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Proc Natl Acad Sci U S A. 2007 Mar 13;104(11):4267-72. Epub 2007 Mar 5.

Two proton transfers in the transition state for nucleotidyl transfer catalyzed by RNA- and DNA-dependent RNA and DNA polymerases.

Author information

1
Department of Biochemistry and Molecular Biology, Pennsylvania State University, 201 Althouse Laboratory, University Park, PA 16802, USA.

Abstract

The rate-limiting step for nucleotide incorporation in the pre-steady state for most nucleic acid polymerases is thought to be a conformational change. As a result, very little information is available on the role of active-site residues in the chemistry of nucleotidyl transfer. For the poliovirus RNA-dependent RNA polymerase (3D(pol)), chemistry is partially (Mg(2+)) or completely (Mn(2+)) rate limiting. Here we show that nucleotidyl transfer depends on two ionizable groups with pK(a) values of 7.0 or 8.2 and 10.5, depending upon the divalent cation used in the reaction. A solvent deuterium isotope effect of three to seven was observed on the rate constant for nucleotide incorporation in the pre-steady state; none was observed in the steady state. Proton-inventory experiments were consistent with two protons being transferred during the rate-limiting transition state of the reaction, suggesting that both deprotonation of the 3'-hydroxyl nucleophile and protonation of the pyrophosphate leaving group occur in the transition state for phosphodiester bond formation. Importantly, two proton transfers occur in the transition state for nucleotidyl-transfer reactions catalyzed by RB69 DNA-dependent DNA polymerase, T7 DNA-dependent RNA polymerase and HIV reverse transcriptase. Interpretation of these data in the context of known polymerase structures suggests the existence of a general base for deprotonation of the 3'-OH nucleophile, although use of a water molecule cannot be ruled out conclusively, and a general acid for protonation of the pyrophosphate leaving group in all nucleic acid polymerases. These data imply an associative-like transition-state structure.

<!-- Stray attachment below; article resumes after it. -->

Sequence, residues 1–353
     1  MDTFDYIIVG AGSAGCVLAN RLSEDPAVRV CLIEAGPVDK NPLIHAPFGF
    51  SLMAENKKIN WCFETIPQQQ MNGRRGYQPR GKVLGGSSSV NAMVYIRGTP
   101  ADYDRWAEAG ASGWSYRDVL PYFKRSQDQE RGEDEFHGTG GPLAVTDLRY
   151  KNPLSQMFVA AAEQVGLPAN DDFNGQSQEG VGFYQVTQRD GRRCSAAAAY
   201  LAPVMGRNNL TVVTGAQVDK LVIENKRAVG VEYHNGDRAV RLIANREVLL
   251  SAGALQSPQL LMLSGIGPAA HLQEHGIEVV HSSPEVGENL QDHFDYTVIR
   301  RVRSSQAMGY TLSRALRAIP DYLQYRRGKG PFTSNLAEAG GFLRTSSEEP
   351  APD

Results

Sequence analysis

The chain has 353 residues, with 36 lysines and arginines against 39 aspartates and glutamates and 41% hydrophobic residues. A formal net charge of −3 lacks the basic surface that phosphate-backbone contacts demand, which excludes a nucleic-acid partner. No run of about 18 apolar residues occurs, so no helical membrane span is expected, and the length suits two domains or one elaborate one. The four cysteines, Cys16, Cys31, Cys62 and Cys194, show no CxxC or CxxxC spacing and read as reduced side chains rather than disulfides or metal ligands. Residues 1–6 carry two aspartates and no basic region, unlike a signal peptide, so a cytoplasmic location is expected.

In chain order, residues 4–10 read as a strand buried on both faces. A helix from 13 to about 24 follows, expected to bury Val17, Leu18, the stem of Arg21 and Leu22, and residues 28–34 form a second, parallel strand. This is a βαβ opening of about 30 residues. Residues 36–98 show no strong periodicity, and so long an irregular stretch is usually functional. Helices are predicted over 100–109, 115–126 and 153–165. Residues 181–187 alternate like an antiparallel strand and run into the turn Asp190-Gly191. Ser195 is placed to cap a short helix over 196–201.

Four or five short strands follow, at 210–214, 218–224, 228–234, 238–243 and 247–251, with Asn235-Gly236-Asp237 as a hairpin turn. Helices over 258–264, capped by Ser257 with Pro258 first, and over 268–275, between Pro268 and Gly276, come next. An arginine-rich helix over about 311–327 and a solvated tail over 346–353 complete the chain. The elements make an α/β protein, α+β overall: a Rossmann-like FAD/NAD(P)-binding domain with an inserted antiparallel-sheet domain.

PMID:
17360513
PMCID:
PMC1838591
DOI:
10.1073/pnas.0608952104
[Indexed for MEDLINE]
Free PMC Article

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